Coach Kliff Kingsbury said the expectation is that Peterson will be ready to play full-time right away.

"He's going to bring some good juice to the practice field this week," Kingsbury said.

Peterson reiterated his frustration watching games at home, particularly in the first three games of the season when he felt there were too many "bonehead mistakes" in coverage, in part because players were still learning how to apply defensive coordinator Vance Joseph's system.

Those issues were already improving recently, Peterson said.

"(QB) Kyler (Murray) understands how to win football games," Peterson said. "Now as a defense, we have to take the next step and finish football games. Because '1' can do it. Now it's on us to hold up our end of the responsibility."

The Cardinals have gotten a roster exemption for Peterson this week, coming off suspension, although they will have to make a move – releasing a player and adding Peterson to the 53-man list – prior to Sunday's game in New York.

With the trade deadline approaching, Peterson's name has been raised nationally, but GM Steve Keim has said repeatedly the Cardinals have no interest in dealing away their top cover corner. Peterson said he knew nothing of the rumors.

"I'm here," he said. "I have a contract with the Cardinals for these 10 games and next season. Whatever happens after that is pretty much out of my control. I'm here preparing for the Giants and the other nine games on the schedule.

"I'm just happy to be back to help my guys get better and I'm focusing on that right now. I'm planning on this being the best 10 games I've played in my career."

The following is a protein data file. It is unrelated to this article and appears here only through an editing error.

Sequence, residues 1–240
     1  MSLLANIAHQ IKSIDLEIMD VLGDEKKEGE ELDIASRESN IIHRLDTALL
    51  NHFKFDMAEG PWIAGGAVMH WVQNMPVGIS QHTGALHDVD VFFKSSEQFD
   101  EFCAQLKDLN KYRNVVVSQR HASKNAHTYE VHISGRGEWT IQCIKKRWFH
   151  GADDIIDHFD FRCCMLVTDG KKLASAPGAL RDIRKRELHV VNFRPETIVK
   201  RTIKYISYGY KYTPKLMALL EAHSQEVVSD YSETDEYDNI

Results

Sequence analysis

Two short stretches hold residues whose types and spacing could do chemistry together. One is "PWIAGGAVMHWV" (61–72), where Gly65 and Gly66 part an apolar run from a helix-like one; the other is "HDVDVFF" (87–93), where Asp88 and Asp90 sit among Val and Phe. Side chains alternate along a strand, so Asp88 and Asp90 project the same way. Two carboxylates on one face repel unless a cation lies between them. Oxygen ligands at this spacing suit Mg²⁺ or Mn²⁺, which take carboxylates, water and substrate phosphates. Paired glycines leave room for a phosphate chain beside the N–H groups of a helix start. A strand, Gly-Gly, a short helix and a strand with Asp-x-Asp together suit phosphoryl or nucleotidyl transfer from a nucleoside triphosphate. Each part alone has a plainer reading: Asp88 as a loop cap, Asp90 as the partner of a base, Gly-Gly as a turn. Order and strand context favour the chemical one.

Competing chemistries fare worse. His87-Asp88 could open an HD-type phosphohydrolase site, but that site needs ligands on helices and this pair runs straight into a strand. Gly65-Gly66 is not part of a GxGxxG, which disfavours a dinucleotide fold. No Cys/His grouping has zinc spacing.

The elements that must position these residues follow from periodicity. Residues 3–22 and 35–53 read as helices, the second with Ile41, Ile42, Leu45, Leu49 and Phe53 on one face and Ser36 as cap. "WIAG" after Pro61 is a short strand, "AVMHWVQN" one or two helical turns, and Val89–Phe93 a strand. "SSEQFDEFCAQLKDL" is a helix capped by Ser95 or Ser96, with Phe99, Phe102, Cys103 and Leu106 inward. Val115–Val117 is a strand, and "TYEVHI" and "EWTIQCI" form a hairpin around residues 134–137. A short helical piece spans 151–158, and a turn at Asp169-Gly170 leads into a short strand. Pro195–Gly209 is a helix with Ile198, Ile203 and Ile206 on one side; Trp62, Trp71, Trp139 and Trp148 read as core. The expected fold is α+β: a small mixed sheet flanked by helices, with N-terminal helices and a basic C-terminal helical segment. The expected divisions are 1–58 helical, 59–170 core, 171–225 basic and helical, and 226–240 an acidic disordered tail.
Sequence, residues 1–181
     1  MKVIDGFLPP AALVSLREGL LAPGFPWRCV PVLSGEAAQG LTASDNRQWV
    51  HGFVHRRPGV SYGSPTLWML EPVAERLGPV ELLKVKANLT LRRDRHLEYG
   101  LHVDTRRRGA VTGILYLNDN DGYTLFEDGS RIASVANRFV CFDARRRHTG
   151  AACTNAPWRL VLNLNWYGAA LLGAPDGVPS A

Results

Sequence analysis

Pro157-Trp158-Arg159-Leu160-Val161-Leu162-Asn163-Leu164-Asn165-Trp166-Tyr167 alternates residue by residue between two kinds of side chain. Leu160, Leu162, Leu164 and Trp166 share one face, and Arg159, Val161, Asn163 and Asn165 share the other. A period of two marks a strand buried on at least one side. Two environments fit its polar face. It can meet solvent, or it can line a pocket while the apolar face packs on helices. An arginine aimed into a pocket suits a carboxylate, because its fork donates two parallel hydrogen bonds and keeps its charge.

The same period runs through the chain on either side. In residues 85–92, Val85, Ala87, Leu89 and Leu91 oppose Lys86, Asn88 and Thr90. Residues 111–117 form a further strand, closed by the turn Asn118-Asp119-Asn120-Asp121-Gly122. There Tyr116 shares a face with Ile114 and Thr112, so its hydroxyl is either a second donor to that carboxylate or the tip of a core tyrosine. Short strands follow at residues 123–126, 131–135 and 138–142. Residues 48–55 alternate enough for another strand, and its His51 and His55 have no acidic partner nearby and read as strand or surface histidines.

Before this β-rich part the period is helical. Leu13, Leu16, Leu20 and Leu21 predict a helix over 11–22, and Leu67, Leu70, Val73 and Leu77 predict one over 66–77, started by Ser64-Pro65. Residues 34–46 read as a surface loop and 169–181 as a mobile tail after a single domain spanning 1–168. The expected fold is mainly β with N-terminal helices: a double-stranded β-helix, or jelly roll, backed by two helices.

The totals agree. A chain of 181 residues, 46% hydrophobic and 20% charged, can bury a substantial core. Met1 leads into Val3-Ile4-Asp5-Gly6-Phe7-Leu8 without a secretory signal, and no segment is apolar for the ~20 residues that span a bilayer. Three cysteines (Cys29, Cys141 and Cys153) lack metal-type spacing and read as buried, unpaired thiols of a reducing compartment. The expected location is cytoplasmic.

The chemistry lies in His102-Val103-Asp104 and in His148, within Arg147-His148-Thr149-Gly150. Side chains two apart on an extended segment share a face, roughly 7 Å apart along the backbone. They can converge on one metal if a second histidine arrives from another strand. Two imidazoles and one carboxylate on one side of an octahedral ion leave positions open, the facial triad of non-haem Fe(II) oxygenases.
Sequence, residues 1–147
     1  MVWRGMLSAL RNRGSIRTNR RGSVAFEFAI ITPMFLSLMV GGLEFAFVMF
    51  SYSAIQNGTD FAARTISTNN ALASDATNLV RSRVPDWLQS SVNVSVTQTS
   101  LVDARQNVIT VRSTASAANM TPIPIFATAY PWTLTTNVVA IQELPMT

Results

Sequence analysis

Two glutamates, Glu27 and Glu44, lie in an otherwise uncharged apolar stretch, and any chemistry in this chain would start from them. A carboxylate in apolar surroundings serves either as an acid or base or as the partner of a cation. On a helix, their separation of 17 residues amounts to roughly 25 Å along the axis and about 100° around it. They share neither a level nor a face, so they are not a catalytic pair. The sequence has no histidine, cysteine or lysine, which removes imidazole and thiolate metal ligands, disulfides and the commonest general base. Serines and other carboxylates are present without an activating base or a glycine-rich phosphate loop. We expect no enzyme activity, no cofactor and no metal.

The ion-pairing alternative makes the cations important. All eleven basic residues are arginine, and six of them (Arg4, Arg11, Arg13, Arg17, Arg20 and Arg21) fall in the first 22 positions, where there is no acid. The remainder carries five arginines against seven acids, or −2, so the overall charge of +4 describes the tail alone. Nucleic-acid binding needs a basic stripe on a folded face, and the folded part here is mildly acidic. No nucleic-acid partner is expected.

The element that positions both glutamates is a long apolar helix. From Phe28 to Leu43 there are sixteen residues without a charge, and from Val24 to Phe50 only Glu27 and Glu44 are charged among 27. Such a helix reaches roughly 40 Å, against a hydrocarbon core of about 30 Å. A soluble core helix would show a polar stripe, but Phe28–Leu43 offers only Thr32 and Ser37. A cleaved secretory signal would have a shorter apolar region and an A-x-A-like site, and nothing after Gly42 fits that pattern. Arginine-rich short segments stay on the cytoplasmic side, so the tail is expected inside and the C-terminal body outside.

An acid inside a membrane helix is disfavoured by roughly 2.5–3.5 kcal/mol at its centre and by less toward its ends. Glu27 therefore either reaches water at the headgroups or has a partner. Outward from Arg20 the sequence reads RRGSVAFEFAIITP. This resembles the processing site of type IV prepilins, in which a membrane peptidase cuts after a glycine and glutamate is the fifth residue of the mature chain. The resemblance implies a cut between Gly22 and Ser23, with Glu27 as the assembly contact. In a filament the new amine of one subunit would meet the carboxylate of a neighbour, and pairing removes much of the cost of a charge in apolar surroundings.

Even if Peterson does play at his best level, he is ineligible to reach the Pro Bowl for the ninth time in his nine NFL seasons. League rules prohibit a Pro Bowl bid for any player who is suspended that season.

The smile Peterson wore Wednesday showed the joy he had in returning, but there is also little question he has felt the ramifications of violating the league's performance-enhancing drugs policy, both with his missed time and dinged reputation.

"I really hope that did not tarnish what I stand for, what I've done up until this point in my career," Peterson said. "I have no reason to cheat. I work my tail off each and every offseason to be in this position. It is an unfortunate situation that I wish I could have back, but I'm moving forward."

On the field, that means preparing for a game. Off the field, he does have a little more work to do off the field thanks to Wednesday's opening song. The cornerback was originally going to use that particular Jay-Z music – "Public Service Announcement" -- for a social media highlight video he was going to release on Friday.

"Now I have to go back into the lab and change my song," Peterson said with a smile. "But that was a great introduction."

Images from practice at the Dignity Health Arizona Cardinals Training Center.